Kirk
       
  The amendment (No. 2445) was agreed to.
  The PRESIDING OFFICER. The Senator from Alabama.


                           Amendment No. 2174

  Mr. SESSIONS. Mr. President, I call up amendment No. 2174.
  The PRESIDING OFFICER. The clerk will report.
  The assistant legislative clerk read as follows:

       The Senator from Alabama [Mr. Sessions] proposes an 
     amendment numbered 2174.

  The amendment is as follows:

    (Purpose: To limit categorical eligibility for the supplemental 
   nutrition assistance program to those who receive cash assistance)

       On page 312, between lines 8 and 9, insert the following:

     SEC. 4002. LIMITATION ON CATEGORICAL ELIGIBILITY.

       Section 5 of the Food and Nutrition Act of 2008 (7 U.S.C. 
     2014) is amended--
       (1) in the second sentence of subsection (a), by striking 
     ``households in which each member receives benefits'' and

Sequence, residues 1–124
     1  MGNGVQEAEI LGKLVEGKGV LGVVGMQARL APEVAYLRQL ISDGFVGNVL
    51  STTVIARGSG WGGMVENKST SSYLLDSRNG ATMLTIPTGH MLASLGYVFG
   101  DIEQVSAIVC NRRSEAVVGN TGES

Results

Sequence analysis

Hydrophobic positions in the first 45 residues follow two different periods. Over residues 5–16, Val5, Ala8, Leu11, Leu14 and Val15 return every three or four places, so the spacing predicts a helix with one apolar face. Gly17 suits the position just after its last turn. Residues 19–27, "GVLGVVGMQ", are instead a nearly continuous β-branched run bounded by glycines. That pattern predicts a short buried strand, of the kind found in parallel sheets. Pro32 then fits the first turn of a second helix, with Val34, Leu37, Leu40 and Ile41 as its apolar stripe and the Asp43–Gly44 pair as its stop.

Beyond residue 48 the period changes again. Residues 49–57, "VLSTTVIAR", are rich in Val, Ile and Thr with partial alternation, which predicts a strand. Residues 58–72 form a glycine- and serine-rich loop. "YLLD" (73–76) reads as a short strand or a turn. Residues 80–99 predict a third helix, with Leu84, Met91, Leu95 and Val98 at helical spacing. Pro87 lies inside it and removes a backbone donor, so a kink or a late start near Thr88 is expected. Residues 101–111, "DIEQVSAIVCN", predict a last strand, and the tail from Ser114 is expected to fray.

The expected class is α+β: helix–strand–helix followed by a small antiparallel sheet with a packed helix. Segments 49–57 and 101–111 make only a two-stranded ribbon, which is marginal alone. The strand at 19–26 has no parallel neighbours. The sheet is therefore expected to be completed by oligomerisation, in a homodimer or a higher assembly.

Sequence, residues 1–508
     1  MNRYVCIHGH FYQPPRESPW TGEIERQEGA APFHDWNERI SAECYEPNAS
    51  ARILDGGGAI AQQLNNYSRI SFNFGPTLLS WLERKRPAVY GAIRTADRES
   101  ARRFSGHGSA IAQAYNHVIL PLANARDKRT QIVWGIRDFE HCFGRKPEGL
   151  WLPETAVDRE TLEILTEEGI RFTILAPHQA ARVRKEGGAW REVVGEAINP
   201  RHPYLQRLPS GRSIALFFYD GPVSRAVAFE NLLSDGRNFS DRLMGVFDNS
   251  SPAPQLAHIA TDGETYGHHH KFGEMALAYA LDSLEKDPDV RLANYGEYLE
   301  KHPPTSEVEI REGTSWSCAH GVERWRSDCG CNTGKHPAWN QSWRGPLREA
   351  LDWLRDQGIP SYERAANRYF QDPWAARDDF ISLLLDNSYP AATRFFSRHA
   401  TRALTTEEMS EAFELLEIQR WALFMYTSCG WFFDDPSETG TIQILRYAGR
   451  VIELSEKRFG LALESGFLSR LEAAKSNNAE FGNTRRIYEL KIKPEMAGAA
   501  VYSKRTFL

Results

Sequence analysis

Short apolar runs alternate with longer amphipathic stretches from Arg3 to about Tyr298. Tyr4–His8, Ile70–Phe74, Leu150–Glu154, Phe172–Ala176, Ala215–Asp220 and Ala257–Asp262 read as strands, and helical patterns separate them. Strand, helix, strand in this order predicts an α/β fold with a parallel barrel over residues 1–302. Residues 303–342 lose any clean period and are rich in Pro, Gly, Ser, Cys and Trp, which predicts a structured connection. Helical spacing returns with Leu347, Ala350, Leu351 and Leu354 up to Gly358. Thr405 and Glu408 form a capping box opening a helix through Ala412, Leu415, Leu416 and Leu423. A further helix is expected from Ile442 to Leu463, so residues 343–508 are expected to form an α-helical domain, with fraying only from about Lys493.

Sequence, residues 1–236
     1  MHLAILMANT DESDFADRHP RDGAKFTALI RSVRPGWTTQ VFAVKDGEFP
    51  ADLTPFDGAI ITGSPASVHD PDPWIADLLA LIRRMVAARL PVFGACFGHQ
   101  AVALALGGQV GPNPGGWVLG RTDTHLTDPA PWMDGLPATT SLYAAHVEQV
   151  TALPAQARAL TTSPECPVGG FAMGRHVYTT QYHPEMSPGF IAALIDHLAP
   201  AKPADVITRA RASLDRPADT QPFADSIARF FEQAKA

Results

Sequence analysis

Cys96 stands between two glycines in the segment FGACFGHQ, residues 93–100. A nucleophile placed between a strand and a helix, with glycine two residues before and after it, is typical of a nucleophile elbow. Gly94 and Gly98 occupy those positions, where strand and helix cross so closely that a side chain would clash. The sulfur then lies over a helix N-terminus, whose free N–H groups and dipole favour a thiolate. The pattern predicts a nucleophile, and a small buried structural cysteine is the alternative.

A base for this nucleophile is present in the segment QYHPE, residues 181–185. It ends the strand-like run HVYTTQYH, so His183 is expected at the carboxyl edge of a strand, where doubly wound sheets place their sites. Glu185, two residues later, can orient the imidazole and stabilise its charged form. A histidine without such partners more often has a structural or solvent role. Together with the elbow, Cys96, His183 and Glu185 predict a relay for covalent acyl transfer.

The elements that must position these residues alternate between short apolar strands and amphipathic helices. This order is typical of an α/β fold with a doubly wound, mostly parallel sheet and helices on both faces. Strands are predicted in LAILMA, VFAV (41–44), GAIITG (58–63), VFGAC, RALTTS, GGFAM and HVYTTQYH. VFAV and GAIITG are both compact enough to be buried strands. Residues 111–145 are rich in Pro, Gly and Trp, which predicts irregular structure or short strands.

inserting ``households in which each member receives cash 
     assistance''; and
       (2) in subsection (j), by striking ``or who receives 
     benefits under a State program'' and inserting ``or who 
     receives cash assistance under a State program''.

  Mr. SESSIONS. Mr. President, food stamp spending has quadrupled--gone 
up four times--since 2001, increasing twice the rate that the other 
major poverty program, Medicaid, has increased. It is now the second 
largest Federal welfare program. An individual on food stamps, with all 
other government programs they may be eligible for, can receive as much 
as $25,000 a year.
  Under this bill food stamps will average $80 billion a year for 10 
years; whereas, the agriculture farm programs will average $20 billion 
a year. It is by far the dominant factor in this entire piece of 
legislation.
  Amendment No. 2174 deals with the problem through a system known as 
categorical eligibility. Forty-three States now provide benefits to 
individuals whose income exceeds the statutory limit--incomes and 
assets. Only 11 States did that in 2007.

[[Page S4271]]

  I ask that we be able to fix this problem, and I urge my colleagues 
to vote for it.
  The PRESIDING OFFICER. The Senator from Michigan.
  Ms. STABENOW. Mr. President, I strongly urge a ``no'' vote. We